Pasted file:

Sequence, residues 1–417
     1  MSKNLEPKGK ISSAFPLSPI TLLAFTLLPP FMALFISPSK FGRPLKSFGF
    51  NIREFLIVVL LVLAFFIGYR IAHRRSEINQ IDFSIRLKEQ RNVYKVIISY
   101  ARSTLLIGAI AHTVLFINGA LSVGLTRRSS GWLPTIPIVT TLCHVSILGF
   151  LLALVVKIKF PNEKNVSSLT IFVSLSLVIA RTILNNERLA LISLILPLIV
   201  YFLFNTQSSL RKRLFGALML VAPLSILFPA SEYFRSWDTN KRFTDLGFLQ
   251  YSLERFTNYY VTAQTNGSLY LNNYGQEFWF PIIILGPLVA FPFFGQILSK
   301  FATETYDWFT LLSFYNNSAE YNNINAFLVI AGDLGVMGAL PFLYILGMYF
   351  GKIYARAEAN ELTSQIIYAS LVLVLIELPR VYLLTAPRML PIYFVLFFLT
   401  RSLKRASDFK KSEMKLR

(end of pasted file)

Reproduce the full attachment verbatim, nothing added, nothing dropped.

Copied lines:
Sequence, residues 1–417
     1  MSKNLEPKGK ISSAFPLSPI TLLAFTLLPP FMALFISPSK FGRPLKSFGF
    51  NIREFLIVVL LVLAFFIGYR IAHRRSEINQ IDFSIRLKEQ RNVYKVIISY
   101  ARSTLLIGAI AHTVLFINGA LSVGLTRRSS GWLPTIPIVT TLCHVSILGF
   151  LLALVVKIKF PNEKNVSSLT IFVSLSLVIA RTILNNERLA LISLILPLIV
   201  YFLFNTQSSL RKRLFGALML VAPLSILFPA SEYFRSWDTN KRFTDLGFLQ
   251  YSLERFTNYY VTAQTNGSLY LNNYGQEFWF PIIILGPLVA FPFFGQILSK
   301  FATETYDWFT LLSFYNNSAE YNNINAFLVI AGDLGVMGAL PFLYILGMYF
   351  GKIYARAEAN ELTSQIIYAS LVLVLIELPR VYLLTAPRML PIYFVLFFLT
   401  RSLKRASDFK KSEMKLR